The 7th annual Schreiner Karoo Writers Festival took place 21 – 24 July. Lovers of literature and all things Karoo were treated to close encounters with well known authors and a chance to mingle with like-minded spirits. Here are some of the highlights Toby and I attended:
Karoo INKspiration was an introduction workshop on painting with ink, bleach and water, using the landscapes, textures and buildings of the Karoo as inspiration. Theresa Hardman is a P.E.based artist and architect with a special place in her heart for the Karoo and particularly Cradock. The workshop was thoroughly enjoyed by all!
Mike Hardwich – Vet and conservationist enthralled a captive audience with the trials and tribulations of his career as a country vet. He has worked with wild and domesticated animals for over 39 years. All of his enjoyable tales are documented in his 3 books and proceeds go towards ‘Dr Mike Hardwich Foundation’ – to help animals of the less fortunate. Find more info here.
Liz De Wet – Archivist at the Cory Library for Humanities research presented a collection of Lidbetter photographs. Catherine Knox is a textile artist with a particular passion for stitch and natural fibre. Her work can be seen at The Studio, Donkin Street, Bedford. Her creative touch and impressive stall was much appreciated by all, one of the Festival organizers. Browsing through second hand books for sale at bargain prices. We came home with far too many books and not enough weekend! “In this wild and tender place may we ever hear the sound of truth, in the whispering of stars. In the turning of windmills, in the silence of the veld” – Antony Osler.
Poetry, politics, mindfulness, laughter, tears, and honesty were the order of the day as this enigmatic and inspirational man wove the story of his Buddha and Zen wisdom. He gave an enraptured crowd a fascinating glimpse into his books and encounters with human kind whilst simultaneously imprinting his playfulness, appreciation, insight and perception.
Thanks to the sponsors of the festival, the National English Literacy museum and all the organizers for a spectacular event! From one festivity to the next…don’t miss our monthly Farmers Market in Cradock on Orange Grove. An exciting new addition are 4 beautiful donkeys…see you there!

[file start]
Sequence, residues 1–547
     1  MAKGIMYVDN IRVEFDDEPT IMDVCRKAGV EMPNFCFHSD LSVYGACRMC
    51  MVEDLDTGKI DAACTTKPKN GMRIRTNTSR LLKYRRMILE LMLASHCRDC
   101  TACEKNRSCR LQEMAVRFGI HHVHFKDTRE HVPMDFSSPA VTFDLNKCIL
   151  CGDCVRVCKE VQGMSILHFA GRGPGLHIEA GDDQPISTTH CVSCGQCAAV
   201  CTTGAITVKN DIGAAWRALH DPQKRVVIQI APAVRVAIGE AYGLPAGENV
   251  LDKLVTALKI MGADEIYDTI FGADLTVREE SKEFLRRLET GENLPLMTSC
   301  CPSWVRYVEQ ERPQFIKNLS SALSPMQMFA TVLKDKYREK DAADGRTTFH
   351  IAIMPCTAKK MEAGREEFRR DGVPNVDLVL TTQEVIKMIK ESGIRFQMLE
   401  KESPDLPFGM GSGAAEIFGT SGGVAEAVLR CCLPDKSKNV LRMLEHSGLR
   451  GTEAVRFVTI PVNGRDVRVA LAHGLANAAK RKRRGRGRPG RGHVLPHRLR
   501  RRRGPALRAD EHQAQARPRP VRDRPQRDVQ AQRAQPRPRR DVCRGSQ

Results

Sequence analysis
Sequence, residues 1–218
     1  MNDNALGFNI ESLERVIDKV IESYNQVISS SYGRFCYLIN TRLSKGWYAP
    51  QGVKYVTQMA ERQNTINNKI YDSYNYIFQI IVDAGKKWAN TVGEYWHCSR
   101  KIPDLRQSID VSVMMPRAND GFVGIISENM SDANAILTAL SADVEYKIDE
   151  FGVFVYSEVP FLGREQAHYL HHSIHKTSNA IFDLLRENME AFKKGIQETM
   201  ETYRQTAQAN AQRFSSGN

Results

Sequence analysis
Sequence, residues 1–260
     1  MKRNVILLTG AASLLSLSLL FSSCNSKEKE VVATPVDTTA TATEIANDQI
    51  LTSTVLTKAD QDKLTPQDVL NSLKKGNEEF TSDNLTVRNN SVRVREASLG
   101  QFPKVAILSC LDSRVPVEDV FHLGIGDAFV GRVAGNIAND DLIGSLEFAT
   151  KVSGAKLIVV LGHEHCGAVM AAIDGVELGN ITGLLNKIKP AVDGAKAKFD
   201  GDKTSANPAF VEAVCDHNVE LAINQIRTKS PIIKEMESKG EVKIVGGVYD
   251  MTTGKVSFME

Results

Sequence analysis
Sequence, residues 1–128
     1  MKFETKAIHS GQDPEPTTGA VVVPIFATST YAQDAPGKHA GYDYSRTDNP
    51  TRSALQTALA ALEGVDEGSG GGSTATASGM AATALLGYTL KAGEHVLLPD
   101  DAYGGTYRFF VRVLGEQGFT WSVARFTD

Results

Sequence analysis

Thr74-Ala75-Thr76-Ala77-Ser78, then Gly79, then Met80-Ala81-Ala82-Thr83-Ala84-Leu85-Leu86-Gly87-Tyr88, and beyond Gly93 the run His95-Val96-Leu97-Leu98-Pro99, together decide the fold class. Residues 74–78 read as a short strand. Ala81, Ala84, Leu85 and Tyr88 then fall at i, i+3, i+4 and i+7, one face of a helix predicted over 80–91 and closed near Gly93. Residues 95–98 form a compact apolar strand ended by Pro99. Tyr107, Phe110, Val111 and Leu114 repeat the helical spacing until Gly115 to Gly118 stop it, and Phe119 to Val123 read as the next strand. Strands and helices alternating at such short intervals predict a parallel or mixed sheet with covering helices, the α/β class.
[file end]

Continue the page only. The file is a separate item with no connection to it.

The eccentric Dr Ingram Anderson was the spark that ignited and inspired the gathering of the Michau family. We met him in 2014 when he came to Cradock and visited us on Orange Grove in search of information about his ancestors (his mother was Michau). This culminated in a massive gathering of the clan two years later over two days. The organizers as below from left to right: Paul Cecil Michau, Dr Ingram Anderson, Toby Michau, Johan Michau, Mike Michau.
Mike Michau from Somerset East has spent the last 25 years of his life studying Michau ancestors and provided a wealth of family information and anecdotes. The family tree was put up for display, it wrapped around the entire conference room! Various speakers gave interesting talks and family members brought along memorabilia to share. The day was concluded with a banquet dinner at Victoria Manor Hotel. Many thanks to the Antrobus family and staff of Victoria Manor Hotel – the food was absolutely out of this world and the attention to detail was appreciated by all.
Sunday morning was spent exploring historical graves and visiting Doornhoek grave sites. The NG Moederkerk was also visited where a Michau ancestor donated the pulpit.
Sunday lunch was on Orange Grove in true Karoo style, half a kilo steaks and good times spent getting to know distant relatives. The venue was the shed which is home to Cradock’s monthly farmers market and long table lunch. A great weekend was had by all! There is a CD available for anyone wishing to obtain a copy. I have documented the weekend in photographs and historical memorabilia and old photos. Also included is historical Michau grave sites. Contact firstname.lastname@example.org
One of the best things about The Market is that we are able to share it with family. For the first one Toby’s sister was here from P.E. and for this one my parents came all the way from KZN, along with my son from P.E. It’s a lot of work but it’s such a great feeling to share all this with our family. Our intention with the Market is to create a platform for locals to sell their wares, to encourage people to buy local and also to attract visitors to our beautiful town. All proceeds from The Farmyard, Feed The Animals goes to Cradock Animal Shelter and sales of handmade shopping bags goes to Vukusebenze Homeless Shelter.
Below are my parents – Lyn and Graham Wright, enjoying the scenery and coffee on the mountains on the farm. We are so grateful for the support of the local community and for the privilege of being able to give back to a town we also lately love living in.
The evening kicked off with Pomegranate Mojitos at the windmill.